2. There are two routes to have the union recognized in your workplace:
- If more than 50% of employees sign the union’s authorization cards, then the employees can ask the employer to recognize the union. If the employer does not recognize the union, then the NLRB will hold an election.
- The NLRB election process. This is more common since the process is more complicated, challenging, and drawn out, compared to the employer recognizing the union on their own. To trigger an NLRB election process, only 30% of employees need to have signed authorization cards.
3. If the NLRB route is taken, the NLRB comes to your workplace, holds the election, and counts the ballots. If more than 50% of your co-workers vote yes for union, then you’ve got a union!
4. After voting yes to unionize you’ll negotiate your first union contract, a collective bargaining agreement (CBA). This is also a difficult process where the employer will typically fight the union and engage in union busting tactics. Again, this is where strategy is critical in order to get your contract.
For more detailed information on the election process go to https://www.nlrb.gov/about-nlrb/what-we-do/conduct-elections.
What about union dues?
Members’ dues are the primary source of union revenue. Amounts vary depending on the union. Collective bargaining and worker representation in disputes with management – including salaries for officials, organizers, lawyers, health and safety experts, etc. – account for the lion’s share of union expenditures. In the 27 “Right to Work” states, private-sector employees may opt out of paying union dues, but unions remain obliged to represent them. Declining membership has of course meant that unions have less money to spend on protecting current members and organizing new ones. (4)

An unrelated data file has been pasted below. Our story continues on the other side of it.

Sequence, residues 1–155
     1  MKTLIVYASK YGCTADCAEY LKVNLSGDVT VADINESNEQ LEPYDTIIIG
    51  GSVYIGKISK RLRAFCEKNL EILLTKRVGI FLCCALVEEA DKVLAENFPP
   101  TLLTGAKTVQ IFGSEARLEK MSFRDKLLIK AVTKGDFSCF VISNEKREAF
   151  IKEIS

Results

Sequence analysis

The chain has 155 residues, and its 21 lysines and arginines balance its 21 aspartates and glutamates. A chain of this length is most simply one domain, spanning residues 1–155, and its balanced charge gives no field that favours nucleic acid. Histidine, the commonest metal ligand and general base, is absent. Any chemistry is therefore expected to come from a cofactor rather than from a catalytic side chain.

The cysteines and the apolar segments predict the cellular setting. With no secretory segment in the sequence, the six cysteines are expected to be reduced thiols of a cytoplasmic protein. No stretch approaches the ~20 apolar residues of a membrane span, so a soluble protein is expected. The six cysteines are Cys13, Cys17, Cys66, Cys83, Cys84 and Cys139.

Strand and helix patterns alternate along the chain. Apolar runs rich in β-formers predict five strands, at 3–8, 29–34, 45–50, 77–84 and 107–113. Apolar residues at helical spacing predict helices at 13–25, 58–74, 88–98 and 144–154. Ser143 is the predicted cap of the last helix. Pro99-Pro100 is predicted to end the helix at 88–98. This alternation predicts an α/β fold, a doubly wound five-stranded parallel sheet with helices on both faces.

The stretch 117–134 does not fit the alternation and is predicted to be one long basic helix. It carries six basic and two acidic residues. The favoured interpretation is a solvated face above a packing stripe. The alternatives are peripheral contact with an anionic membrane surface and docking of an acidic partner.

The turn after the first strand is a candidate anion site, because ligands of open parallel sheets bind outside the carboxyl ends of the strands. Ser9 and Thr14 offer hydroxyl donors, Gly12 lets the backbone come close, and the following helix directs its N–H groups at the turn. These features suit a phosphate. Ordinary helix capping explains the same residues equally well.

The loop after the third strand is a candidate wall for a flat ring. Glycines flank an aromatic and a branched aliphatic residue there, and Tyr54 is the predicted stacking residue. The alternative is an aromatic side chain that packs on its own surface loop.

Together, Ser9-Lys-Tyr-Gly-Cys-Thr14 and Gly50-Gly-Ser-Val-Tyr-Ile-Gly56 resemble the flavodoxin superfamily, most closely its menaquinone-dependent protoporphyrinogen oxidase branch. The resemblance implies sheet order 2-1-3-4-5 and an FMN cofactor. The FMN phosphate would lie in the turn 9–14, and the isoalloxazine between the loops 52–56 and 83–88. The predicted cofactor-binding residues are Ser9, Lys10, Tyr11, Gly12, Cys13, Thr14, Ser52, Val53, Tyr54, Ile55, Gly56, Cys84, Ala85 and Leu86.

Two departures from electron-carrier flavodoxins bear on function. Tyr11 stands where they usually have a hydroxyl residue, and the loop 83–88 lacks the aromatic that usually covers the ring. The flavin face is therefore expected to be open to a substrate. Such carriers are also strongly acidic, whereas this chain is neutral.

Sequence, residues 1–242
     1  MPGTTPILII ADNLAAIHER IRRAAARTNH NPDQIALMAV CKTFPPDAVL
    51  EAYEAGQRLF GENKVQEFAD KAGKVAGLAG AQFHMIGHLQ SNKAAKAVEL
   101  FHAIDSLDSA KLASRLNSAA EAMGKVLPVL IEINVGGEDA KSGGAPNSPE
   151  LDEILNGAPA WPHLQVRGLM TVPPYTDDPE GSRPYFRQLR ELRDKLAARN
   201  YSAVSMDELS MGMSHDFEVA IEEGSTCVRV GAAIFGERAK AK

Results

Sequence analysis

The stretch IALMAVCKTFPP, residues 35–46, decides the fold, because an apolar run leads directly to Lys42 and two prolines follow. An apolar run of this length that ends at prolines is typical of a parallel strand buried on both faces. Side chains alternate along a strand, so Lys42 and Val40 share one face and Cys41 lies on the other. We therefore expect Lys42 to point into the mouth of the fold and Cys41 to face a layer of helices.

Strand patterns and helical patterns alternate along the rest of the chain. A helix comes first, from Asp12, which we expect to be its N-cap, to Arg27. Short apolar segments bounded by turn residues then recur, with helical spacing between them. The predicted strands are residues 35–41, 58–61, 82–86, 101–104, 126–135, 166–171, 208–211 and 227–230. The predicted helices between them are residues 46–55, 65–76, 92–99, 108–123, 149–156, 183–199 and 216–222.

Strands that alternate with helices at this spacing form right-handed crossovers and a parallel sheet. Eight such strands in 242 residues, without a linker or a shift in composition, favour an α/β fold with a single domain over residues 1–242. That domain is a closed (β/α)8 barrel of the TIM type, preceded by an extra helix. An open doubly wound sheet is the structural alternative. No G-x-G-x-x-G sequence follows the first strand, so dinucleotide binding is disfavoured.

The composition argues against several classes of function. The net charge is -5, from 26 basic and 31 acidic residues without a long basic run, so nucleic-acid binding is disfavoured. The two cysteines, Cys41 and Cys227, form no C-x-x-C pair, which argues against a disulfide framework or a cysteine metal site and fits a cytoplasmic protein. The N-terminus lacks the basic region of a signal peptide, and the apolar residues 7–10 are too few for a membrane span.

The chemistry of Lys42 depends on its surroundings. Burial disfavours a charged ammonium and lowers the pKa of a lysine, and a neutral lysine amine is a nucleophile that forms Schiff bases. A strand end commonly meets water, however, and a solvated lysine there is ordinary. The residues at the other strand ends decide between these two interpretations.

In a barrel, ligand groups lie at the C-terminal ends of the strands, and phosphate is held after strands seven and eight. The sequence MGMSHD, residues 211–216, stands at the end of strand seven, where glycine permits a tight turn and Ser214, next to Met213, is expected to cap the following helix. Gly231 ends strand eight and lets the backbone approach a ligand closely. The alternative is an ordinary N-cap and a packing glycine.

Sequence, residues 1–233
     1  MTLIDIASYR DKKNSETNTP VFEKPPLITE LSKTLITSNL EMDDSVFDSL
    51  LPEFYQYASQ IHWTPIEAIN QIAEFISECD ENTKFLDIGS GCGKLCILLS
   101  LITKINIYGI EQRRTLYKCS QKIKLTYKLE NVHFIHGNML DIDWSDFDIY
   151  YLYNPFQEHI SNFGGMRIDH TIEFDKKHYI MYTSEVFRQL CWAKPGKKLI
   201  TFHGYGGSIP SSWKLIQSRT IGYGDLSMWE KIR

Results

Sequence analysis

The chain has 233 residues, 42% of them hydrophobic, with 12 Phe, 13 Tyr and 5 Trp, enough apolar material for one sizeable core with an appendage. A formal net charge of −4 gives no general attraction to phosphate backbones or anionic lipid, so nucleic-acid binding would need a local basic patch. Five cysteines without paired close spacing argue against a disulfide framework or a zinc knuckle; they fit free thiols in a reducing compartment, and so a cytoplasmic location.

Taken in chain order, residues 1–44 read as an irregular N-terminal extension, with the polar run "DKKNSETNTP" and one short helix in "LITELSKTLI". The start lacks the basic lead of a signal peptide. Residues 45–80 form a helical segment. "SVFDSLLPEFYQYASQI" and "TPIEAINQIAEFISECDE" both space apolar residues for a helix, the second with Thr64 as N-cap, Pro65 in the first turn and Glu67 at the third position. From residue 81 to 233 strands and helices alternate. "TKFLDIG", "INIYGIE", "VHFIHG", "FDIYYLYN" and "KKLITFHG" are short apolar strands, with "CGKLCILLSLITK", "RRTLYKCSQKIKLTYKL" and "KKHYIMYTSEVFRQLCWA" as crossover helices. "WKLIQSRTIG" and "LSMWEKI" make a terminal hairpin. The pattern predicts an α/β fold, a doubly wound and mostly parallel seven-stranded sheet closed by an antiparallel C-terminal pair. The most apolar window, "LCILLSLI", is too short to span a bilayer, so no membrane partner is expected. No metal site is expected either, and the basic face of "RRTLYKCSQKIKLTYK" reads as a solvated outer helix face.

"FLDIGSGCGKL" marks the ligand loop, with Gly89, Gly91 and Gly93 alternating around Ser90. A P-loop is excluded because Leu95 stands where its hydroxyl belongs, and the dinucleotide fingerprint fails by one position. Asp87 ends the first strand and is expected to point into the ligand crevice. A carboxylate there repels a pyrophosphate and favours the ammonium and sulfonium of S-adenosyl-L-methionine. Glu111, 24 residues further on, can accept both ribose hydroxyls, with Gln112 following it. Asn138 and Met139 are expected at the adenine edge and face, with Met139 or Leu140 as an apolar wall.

What is right-to-work?
“In the public-sector union context, right-to-work laws mean that union members do not have to pay union dues to be members of the union…In states that have enacted right-to-work laws that apply to private employers, although they vary based on state law, most Right-to-Work laws prohibit labor unions and employers from entering into contracts that only employ unionized workers for the jobs in the contract. This allows employees to receive the benefits of the union contract without having to pay their share of dues and fees to the union. Essentially, these states allow workers to join a union if they wish, but employers cannot force or compel employees to join a union as a term or condition of employment.” (5)
What is the strategy to unionize your workplace?
Although there is no strategy that is guaranteed to work 100 percent of the time, there are certain skills and techniques that organizers have found to be more likely to bring success:
- High participation
- Measuring success/asking the right questions:
- How do I know I’m going to win?
- How do I know that people are moving?
- How do I know our political education is good enough and that members are understanding how to win?
- Find the organic leaders (identified by the workers) who employees trust and will follow.
- Focus on building majority support – it is easier to find 30% who support unionizing, but to get majority support you must put in the hard work of organizing.
- Complete structure tests in order to gauge the support you have for a union. (6)
Unions in Utah
A list of AFL-CIO affiliated unions can be found here.
1 What is a union? (n.d.). Retrieved February 15, 2021, from https://www.unionplus.org/page/what-union
2 [Brochure]. (n.d.). Retrieved February 14, 2021, from https://labor.dsausa.org/files/sites/8/2019/02/DSA-Why-Unions-Matter.pdf
3 Your Rights during Union Organizing. (n.d.). Retrieved February 15, 2021, from https://www.nlrb.gov/about-nlrb/rights-we-protect/the-law/employees/your-rights-during-union-organizing
4 Snapshot: Unions in the U.S. Today [Brochure]. (n.d.). Retrieved February 15, 2021, from https://labor.dsausa.org/files/sites/8/2019/02/DSA-Snapshot-Unions-in-the-US-Today.pdf
5 Right to Work Laws. (n.d.). Retrieved February 15, 2021, from https://www.workplacefairness.org/unions-right-to-work-laws
6 McAlevey, J. (2018). No shortcuts organizing for power in the new gilded age. New York: Oxford University Press.